- Knight Templar: Sister Bridget.
- Made a Slave
- Money, Dear Boy: Sister Bridget lets Bernadette and Rose escape when Rose gives her the key to the safe with all the laundry's money in it.
- Mood Whiplash: The humourous scene of the Parish priest stripping off and running away naked because Margaret put poison oak in his clothes takes a sharp u-turn when Crispina reveals she has the same rashes around her thighs, implying the priest molested her.
- Oh, Crap: Margaret when she sees her sister telling her father that she's just been raped. Bernadette when the nuns discover her trying to escape.
- Oireland: Averted with a cast of Irish actors though the woman Katy slips into this, attacking her "o"s and "u"s rather fiercely.
- One Steve Limit: Sister Bridget enforces this. There's already a Rose in the laundry so Sister Bridget forces everyone to call Rose Patricia (her middle name). Crispina's real name is Harriett so this may apply to her as well.
- Parental Abandonment: And how. Rose's mother won't even speak to her when she's had her baby, Margaret's father sends her away and Una's father drags her back into the laundry by her hair when she escapes, saying she has no family left.
- Pet the Dog: At Christmas all the girls in the laundry are allowed to watch a film (though most of them are bored by it) and they also each get an orange laid on their bed.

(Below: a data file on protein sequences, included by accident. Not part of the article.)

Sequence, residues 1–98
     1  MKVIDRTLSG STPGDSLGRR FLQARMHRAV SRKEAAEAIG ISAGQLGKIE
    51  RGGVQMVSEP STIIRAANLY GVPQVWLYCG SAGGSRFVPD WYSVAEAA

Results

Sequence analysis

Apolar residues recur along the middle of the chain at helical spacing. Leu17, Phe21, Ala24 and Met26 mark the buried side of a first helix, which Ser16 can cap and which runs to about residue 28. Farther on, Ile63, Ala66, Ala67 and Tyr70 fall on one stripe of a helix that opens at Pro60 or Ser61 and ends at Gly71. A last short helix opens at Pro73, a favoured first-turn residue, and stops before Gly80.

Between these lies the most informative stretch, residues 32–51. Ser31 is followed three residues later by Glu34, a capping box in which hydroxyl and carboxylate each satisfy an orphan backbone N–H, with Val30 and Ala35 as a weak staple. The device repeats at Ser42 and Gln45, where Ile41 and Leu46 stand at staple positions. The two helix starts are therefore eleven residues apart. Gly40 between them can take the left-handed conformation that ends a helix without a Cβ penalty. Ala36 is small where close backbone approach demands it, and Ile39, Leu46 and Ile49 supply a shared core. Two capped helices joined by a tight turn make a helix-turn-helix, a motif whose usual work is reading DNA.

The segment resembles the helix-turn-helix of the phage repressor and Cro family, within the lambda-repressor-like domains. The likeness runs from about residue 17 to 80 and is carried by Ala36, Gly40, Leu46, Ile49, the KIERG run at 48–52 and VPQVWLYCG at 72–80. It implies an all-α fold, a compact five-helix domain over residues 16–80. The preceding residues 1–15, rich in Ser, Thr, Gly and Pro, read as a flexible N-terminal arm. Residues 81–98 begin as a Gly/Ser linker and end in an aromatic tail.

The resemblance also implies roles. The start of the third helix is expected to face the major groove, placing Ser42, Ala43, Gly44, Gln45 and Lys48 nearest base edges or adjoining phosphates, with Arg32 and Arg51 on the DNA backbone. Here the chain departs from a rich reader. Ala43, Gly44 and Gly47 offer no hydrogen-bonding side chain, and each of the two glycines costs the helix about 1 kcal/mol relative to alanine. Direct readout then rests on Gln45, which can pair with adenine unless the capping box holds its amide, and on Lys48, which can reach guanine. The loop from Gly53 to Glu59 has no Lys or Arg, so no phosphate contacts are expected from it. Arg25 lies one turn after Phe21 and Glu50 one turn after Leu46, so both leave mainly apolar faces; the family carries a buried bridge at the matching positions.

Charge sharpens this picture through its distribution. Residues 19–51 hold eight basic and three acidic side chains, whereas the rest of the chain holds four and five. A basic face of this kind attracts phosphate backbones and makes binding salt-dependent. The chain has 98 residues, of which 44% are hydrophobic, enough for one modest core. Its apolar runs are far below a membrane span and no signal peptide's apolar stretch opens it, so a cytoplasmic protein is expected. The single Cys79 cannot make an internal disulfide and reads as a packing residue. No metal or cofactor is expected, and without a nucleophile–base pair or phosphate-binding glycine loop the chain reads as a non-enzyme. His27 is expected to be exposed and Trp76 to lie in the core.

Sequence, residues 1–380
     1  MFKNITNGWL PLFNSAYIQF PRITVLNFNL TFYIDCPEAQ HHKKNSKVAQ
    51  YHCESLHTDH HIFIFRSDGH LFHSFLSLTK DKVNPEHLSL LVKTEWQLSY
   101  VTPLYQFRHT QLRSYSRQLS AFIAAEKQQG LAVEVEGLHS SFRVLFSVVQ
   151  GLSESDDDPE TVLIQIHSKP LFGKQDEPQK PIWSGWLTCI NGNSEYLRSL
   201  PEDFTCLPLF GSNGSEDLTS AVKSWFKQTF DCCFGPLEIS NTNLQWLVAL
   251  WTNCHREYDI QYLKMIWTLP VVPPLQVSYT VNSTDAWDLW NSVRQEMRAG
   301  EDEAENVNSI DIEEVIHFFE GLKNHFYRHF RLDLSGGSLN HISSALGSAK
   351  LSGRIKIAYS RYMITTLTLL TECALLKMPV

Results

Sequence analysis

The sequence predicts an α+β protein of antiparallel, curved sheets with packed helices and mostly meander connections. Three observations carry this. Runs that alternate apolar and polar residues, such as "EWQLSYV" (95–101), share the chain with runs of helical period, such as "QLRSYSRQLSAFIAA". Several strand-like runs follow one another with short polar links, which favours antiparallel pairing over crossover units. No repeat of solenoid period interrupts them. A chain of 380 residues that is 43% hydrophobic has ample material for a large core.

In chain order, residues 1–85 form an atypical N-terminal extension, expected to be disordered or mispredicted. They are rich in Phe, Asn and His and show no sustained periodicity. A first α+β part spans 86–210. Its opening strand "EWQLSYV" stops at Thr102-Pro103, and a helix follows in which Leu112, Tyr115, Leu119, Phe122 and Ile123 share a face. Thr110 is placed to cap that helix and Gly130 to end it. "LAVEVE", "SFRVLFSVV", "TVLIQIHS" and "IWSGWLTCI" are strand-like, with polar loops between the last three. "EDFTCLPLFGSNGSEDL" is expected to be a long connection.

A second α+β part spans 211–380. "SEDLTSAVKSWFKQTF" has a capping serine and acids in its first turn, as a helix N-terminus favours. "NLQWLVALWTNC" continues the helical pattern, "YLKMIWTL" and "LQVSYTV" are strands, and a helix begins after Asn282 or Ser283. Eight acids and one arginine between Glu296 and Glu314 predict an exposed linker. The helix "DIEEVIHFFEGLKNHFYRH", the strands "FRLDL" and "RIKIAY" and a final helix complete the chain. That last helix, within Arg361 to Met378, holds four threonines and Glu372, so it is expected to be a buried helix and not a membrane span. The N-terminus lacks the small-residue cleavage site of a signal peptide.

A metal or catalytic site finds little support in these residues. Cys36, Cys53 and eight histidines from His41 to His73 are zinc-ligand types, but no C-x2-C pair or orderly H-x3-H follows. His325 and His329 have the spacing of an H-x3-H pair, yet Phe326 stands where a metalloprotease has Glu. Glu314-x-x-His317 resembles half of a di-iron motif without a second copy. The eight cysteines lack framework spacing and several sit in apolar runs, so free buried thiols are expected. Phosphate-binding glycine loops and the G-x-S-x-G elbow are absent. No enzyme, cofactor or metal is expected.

- Rape as Drama: Margaret's cousin rapes her in the opening scene. Given the time period, Margaret is blamed for this and is sent to the laundry.
- Really Gets Around: Bernadette is implied to be this, flirting with a few local boys, but it turns out she's still a virgin.
- Shaking Her Hair Loose: Bernadette at the end when she sees two nuns (not ones from the laundry) looking at her on the street.
- She Cleans Up Nicely: There's a huge difference when we see Rose and Bernadette all cleaned up at the end.
- Sinister Minister: The Parish priest turns out to be molesting Crispina.
- So Beautiful, It's a Curse
- Stepford Smiler: Sister Bridget is a type C while all the girls in the laundry are type As, most visible when they walk through town smiling to onlookers.
- Technology Marches On: When the girls are first brought to the laundry, all the washing is done by hand. Over the course of the movie, washing machines are purchased (A technology that helped a lot in finally doing in these hellholes by its rise as a common household appliance destroying the consumer market for commercial laundries). Also, the nuns keep the profits in biscuit tins early on and Sister Bridget is exasperated when she can't find the key to the safe that is later added to her office.
- The Dog Bites Back: When the nuns were abusing the poor girls they obviously didn't bank on Bernadette chasing after them screaming while brandishing a candlestick.
- Traumatic Haircut: This is the punishment for trying to escape the laundry. Happens to Una and later Bernadette.
- What Happened to the Mouse?: Brendan is last seen driving away in the back of the delivery van, with no explanation of what happened to him.
- "Where Are They Now?" Epilogue: Which includes the ultimate final outrage of these self-righteous gulags; the final ones were only closed in 1996.